My favorite city in the world is Bogotá, Colombia and I have a hard time explaining to people why; it’s big, it’s dirty, the traffic and infrastructure are abysmal – how can I think that Bogotá is so great? This city feels authentic in a way that others just don’t. No strip malls or vegan cafes (or even vegetables really) people are polite and respectful and when I stay out of the touristy sections I feel anonymous walking among the crowds of Colombians living their normal lives. And when you are living a normal life around here you get a little sentimental to the dirt, grime, the familiar old man selling stuff on your street corner each day, the occasional unkempt gentleman urinating across the street from your building entrance. You develop a sense of community and togetherness with the anonymous people you walk by each morning on the way to start your day and then again in the afternoon when returning home.
Part of this camaraderie comes about from walking so much. I walk most places unless I am meeting a friend who lives in a different district of town in which case I take an Uber to where I need to go as a conventional taxi will try its best to cheat me (another quaint aspect of the local personality that I find endearing yet at the same time unwelcome). Walking is a great way to develop a ‘home field’ appreciation for the things, places and people around you in any city; additionally it serves as effective therapeutic psychological conditioning to the otherwise untenable realties of an old, large, south American city (aforementioned). For instance a sketchy park of loitering, suspicious characters become familiar faces that I appreciate seeing after walking by a dozen times. The traffic isn’t a hassle while I walk along side it, faster. The “Coyote Crazy” gay bar might seem gauche on first gander, but after glancing in the front while passing by so many times it seems like the type of place you want to go if you were gay. Those street peddlers and beggars stop soliciting after a few weeks of glancing into my pitiless eyes. You learn obscure capabilities of the neighborhoods you venture through — where to buy professional uniforms, custom hats, specialty shoes and locally-made pasta. All of a sudden in a 1.5 mile radius you have everything you want or need and the thought of living somewhere else, where you sit alone in your car surrounded by other people, alone in their cars, stuck in traffic — it makes you feel lonely.
This was my second stint in Bogotá — I spent six weeks here last year. This time around I lived a lot during my two and a half months here. My Spanish has been steadily improving and I know if I stopped meeting people with the capability to speak English it would be even better; but that’s a burden of being a tall white guy — they can spot you a smile away. And once someone speaks your primary language how exactly can you justify decreasing your ability to communicate with them by speaking terribly? These are the false justifications I have hid myself behind for over a year now.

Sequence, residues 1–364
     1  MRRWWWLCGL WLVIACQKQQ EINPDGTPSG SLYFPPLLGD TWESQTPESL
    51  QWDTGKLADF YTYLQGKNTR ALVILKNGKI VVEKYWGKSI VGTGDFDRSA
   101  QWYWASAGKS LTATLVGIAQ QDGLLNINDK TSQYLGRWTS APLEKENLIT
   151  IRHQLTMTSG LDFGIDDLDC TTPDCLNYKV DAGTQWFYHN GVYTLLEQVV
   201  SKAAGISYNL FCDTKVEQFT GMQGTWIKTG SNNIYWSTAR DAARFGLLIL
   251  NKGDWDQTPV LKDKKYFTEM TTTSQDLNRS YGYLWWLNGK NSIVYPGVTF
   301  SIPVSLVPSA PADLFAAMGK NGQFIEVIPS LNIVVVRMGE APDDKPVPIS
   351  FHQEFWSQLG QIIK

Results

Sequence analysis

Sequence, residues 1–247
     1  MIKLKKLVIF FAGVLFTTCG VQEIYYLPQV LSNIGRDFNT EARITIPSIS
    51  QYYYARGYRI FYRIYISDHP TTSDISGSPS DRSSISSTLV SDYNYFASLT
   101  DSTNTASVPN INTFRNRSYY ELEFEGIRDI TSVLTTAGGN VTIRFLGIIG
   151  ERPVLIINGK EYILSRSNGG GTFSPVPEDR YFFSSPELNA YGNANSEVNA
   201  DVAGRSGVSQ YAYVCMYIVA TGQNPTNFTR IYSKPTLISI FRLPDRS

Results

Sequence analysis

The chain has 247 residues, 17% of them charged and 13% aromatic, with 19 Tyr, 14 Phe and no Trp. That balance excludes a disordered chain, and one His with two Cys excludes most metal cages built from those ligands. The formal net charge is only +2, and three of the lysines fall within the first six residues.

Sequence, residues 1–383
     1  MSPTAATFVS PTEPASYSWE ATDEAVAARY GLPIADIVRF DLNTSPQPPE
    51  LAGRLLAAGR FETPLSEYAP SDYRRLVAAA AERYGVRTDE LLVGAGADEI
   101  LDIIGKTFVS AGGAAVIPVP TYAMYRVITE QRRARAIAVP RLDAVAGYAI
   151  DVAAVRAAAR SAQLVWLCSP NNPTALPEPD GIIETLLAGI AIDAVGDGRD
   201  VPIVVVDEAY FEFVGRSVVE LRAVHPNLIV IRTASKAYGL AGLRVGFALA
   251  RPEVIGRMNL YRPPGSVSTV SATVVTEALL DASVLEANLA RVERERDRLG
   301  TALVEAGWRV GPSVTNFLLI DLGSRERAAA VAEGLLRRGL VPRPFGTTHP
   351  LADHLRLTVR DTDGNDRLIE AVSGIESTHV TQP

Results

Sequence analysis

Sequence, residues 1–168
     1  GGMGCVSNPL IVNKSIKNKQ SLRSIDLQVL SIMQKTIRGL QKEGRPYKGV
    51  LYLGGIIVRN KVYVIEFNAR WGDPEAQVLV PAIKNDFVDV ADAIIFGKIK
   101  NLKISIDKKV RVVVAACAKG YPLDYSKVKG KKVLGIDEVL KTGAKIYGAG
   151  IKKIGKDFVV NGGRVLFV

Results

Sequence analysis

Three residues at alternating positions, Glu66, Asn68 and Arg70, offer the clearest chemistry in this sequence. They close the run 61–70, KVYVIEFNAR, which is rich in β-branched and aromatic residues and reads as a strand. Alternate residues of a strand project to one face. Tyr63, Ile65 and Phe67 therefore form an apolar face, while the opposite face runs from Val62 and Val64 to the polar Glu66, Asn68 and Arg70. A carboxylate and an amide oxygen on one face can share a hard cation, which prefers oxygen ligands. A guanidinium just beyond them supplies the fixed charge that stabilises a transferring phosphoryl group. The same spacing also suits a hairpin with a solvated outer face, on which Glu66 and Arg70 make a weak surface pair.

I found a great gym in my neighborhood that costs $30 USD a month. I made major gains on my back squat and paired with a steady diet of hamburgers regained what was lost during my lazy winter in Veysonnaz, Switzerland. If I could stay here for another three months I have no doubt that I would transform into the incredible (white) hulk — if only in relative comparison to the local population which is remarkably más pequeño. I was introduced to the local sport of Tejo – a local sport involving throwing metal weights under-handed at explosive targets 20 meters away while drinking no fewer than 30 beers (the minimum price to play). Needless to say I’ve added it to my list of things to culturally-appropriate once I am back stateside. White people will love it.
Footnote: As my comfort outside of the USA grows, my discomfort and disgust with what I can only identify as the political, cultural and media “noise” intensifies. Increasingly I find it hard to identify with people, opinions and perspectives from the USA and find myself actively enduring my ties there instead of celebrating them. It’s challenging to articulate – but I am really beginning to understand those things about America that were invisible when I lived within it. Headlines from stateside delineating increased political and cultural polarization nationwide leave me revolted at the thought of having to identify with any part of it. As I’ve explained previously, I am a travel hipster and I expect this to be just a passing fancy. All it should take to steer me back aboard conventional American leanings is a knifing, unplanned donation of organ tissue or participation in a hostage situation somewhere overseas. And let’s be honest I’ve been rolling the dice for over two years now — as my friend Jenny Blankenship says “we all know about regression towards the mean”. But anyway — that’s how I feel currently.